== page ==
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Am J Clin Nutr. 1998 Jul;68(1):72-81.

A molecular model of human branched-chain amino acid metabolism.

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Department of Biochemistry, Wake Forest University School of Medicine, Winston-Salem 27157, USA.


To establish an accurate molecular model of human branched-chain amino acid (BCAA) metabolism, the distribution, activity, and expression of the first 2 enzymes in the catabolic pathway--branched-chain-amino-acid aminotransferase (BCAT) and branched-chain alpha-keto acid dehydrogenase (BCKD) complex--were determined in human tissues. The same enzyme activities were measured in rat and African green monkey tissues. Overall, the activities of BCAT and BCKD were higher in rat than in human and monkey tissues; nevertheless, the ratio of the 2 activities was similar in most tissues in the 3 species. Total oxidative capacity was concentrated in skeletal muscle and liver (> 70%) with muscle having a higher proportion of the total in humans and monkeys. In humans, brain (10-20%) and kidney (8-13%) may contribute significantly to whole-body BCAA metabolism. Furthermore, in primates the high ratio of transaminase to oxidative capacity in the entire gastrointestinal tract serves to prevent loss of essential BCAA carbon and raises the possibility that the gastrointestinal tract contributes to the plasma branched-chain alpha-keto acid pool. Quantitative polymerase chain reaction was used to examine expression of human branched-chain alpha-keto acid dehydrogenase kinase (BCKDK), the key enzyme that regulates the activity state of the human BCKD complex and human BCAT isoenzymes. To design the primers for the polymerase chain reaction, human BCKDK was cloned. BCKDK message was found in all human tissues tested, with the highest amount in human muscle. As in rats, there was ubiquitous expression of mitochondrial BCAT, whereas mRNA for the cytosolic enzyme was at or below the limit of detection outside the brain. Finally, the role of BCAA in body nitrogen metabolism is discussed.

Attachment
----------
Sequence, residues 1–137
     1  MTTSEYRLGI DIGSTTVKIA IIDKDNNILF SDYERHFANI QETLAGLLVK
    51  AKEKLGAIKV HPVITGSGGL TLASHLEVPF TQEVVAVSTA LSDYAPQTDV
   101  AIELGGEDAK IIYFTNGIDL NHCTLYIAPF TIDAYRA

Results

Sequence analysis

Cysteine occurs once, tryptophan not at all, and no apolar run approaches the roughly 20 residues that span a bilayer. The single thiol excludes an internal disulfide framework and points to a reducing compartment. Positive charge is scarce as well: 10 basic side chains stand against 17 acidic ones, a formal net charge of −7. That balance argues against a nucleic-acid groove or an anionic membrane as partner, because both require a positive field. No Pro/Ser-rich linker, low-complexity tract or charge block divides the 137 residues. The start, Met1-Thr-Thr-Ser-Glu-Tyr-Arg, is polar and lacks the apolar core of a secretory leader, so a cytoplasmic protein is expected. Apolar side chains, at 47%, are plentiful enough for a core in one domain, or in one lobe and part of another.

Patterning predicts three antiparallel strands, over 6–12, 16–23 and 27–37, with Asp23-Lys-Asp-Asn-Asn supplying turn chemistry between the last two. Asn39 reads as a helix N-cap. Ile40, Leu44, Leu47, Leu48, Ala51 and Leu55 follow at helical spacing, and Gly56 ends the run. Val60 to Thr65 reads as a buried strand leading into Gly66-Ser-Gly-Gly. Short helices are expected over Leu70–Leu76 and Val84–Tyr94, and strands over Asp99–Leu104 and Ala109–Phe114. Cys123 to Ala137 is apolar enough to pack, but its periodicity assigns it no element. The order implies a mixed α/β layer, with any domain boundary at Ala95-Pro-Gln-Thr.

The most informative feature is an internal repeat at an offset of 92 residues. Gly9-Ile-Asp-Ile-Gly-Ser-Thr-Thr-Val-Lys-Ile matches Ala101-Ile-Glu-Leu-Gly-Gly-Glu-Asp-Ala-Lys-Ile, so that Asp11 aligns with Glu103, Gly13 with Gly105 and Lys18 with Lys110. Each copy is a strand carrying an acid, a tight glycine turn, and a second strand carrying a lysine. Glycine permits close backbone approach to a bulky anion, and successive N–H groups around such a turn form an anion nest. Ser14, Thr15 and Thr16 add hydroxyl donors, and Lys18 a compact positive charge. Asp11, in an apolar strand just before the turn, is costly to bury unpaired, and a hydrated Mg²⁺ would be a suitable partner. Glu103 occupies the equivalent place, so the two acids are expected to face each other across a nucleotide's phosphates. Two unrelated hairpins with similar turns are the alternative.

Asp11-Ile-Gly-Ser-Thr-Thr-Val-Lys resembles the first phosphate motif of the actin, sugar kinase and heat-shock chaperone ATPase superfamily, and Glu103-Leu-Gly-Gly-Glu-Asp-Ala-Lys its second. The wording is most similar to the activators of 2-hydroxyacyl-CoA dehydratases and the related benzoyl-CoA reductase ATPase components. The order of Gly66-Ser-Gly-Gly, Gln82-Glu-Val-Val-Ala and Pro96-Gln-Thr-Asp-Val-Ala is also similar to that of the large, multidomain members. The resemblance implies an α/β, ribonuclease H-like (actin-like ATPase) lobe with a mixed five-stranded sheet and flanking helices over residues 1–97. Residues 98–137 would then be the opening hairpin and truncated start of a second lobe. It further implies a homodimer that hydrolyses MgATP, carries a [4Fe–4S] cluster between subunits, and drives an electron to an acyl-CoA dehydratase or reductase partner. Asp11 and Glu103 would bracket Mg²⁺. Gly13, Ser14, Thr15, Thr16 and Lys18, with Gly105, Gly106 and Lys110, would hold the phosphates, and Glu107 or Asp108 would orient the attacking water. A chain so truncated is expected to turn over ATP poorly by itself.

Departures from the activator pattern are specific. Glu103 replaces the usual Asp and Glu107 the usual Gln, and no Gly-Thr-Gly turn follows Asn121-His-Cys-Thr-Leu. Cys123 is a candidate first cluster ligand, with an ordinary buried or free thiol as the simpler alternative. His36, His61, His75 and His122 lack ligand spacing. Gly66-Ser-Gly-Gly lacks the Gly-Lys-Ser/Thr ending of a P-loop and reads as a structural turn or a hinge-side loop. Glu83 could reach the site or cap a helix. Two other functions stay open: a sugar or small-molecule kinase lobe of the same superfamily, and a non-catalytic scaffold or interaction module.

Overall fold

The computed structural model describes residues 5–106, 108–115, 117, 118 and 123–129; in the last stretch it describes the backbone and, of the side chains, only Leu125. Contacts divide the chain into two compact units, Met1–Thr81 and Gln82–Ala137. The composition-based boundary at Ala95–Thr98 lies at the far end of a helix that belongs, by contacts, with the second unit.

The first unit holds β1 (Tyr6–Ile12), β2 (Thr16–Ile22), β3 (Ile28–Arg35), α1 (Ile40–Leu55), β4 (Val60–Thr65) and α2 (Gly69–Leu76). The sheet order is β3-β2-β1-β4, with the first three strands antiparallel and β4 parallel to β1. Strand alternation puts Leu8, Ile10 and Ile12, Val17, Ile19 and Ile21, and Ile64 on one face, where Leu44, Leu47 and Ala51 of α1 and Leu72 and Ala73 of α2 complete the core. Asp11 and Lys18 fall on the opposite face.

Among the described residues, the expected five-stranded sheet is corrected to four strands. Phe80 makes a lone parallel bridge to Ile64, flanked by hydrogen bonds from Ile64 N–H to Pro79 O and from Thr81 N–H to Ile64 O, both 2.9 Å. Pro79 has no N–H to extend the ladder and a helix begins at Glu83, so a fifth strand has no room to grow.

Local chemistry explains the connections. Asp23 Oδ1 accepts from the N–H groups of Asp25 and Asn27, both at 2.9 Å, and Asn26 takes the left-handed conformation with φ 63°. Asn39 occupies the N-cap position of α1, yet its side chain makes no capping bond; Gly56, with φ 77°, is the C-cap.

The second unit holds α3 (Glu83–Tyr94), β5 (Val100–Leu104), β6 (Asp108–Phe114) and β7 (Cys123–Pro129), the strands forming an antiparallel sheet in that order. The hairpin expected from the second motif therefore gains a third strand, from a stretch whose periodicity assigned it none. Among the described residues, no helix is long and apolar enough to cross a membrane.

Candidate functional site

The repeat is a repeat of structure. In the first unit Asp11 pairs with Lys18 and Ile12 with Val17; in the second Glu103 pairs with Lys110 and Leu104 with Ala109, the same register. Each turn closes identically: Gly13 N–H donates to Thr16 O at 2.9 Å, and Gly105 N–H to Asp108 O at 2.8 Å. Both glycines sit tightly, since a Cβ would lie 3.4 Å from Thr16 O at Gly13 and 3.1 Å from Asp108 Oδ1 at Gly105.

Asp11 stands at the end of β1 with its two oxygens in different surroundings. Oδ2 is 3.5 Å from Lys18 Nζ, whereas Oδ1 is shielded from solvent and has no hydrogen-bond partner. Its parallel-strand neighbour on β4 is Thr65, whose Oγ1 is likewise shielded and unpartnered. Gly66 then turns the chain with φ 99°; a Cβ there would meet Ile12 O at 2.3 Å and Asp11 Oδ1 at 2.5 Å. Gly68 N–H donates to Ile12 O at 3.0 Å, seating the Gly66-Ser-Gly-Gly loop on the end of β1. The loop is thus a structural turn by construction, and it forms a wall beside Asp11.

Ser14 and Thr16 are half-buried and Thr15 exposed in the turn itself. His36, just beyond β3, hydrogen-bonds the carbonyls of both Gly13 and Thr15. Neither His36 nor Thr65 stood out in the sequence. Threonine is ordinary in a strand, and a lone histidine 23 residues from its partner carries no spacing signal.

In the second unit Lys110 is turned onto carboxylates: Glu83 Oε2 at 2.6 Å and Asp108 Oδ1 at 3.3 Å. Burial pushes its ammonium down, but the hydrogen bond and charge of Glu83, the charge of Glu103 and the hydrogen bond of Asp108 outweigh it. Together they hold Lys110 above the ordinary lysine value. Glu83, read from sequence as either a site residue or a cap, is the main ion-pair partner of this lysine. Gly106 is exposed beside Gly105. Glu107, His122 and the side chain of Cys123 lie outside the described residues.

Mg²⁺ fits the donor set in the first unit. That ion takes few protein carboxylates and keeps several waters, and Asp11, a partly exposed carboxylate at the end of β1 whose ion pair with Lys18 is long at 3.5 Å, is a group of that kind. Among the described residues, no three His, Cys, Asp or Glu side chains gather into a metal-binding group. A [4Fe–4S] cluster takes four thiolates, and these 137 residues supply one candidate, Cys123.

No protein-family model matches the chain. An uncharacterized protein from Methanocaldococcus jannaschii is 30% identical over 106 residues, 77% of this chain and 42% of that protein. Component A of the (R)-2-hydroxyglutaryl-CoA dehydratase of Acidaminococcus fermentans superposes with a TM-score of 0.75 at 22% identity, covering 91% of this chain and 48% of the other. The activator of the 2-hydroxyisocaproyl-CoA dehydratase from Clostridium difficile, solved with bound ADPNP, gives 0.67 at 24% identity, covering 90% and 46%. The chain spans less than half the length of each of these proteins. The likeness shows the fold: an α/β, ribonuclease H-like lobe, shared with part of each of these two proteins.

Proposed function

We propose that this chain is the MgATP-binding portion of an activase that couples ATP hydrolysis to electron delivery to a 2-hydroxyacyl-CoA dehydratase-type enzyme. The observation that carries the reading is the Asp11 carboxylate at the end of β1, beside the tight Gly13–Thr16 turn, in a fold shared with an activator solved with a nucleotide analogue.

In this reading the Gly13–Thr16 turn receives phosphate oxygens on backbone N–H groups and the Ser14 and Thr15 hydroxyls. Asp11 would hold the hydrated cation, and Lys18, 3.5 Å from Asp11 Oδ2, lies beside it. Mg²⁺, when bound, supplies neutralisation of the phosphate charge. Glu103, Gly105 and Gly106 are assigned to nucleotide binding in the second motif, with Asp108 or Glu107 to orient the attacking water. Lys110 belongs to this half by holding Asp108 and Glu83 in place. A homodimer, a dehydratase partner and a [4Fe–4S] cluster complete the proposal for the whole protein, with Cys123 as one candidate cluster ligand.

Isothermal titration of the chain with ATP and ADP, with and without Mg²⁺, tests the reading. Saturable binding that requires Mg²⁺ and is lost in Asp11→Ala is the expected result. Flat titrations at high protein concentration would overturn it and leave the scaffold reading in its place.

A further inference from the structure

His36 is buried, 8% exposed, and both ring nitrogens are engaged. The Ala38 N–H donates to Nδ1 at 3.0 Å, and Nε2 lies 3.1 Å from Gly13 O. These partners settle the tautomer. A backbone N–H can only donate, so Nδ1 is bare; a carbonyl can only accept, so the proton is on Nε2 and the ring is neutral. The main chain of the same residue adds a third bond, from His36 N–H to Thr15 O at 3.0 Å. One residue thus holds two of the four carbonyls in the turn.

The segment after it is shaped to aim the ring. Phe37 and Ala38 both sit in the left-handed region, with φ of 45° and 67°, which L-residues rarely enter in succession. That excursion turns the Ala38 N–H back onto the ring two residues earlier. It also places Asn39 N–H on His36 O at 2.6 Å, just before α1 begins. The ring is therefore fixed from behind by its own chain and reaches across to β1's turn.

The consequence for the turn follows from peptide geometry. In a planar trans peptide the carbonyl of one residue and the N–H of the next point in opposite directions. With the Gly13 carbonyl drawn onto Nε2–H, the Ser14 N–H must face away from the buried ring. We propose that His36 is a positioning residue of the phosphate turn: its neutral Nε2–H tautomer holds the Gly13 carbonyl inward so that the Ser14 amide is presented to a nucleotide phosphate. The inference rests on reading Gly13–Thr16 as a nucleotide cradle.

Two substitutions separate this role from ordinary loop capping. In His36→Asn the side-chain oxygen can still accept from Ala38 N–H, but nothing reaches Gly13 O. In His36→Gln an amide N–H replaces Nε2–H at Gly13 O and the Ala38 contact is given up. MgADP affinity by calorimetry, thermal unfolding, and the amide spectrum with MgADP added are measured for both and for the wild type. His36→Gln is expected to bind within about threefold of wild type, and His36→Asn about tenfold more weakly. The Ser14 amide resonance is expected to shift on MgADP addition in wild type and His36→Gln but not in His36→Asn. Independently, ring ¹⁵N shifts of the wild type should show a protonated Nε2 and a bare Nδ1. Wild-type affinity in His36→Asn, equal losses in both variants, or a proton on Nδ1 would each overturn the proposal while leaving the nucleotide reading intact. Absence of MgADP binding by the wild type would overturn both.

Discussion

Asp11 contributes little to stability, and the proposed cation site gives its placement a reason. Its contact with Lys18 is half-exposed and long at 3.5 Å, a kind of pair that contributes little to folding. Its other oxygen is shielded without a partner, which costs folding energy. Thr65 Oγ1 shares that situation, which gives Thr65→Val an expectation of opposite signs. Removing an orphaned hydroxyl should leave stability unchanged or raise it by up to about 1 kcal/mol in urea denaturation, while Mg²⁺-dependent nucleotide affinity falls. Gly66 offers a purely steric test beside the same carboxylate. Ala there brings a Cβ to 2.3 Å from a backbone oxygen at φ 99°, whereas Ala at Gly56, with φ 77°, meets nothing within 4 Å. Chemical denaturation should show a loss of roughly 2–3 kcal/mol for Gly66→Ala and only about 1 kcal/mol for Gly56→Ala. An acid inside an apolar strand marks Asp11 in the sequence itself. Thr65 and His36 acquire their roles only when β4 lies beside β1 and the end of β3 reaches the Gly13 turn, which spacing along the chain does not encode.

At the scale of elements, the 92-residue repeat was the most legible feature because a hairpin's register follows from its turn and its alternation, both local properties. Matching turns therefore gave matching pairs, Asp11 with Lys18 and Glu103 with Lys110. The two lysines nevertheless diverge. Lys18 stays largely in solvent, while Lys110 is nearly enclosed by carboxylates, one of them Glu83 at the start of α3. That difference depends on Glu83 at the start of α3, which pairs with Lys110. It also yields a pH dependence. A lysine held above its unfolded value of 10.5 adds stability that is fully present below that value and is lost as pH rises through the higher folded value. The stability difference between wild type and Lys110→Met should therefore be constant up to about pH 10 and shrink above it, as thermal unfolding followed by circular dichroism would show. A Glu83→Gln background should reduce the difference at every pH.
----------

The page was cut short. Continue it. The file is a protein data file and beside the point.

[Indexed for MEDLINE]

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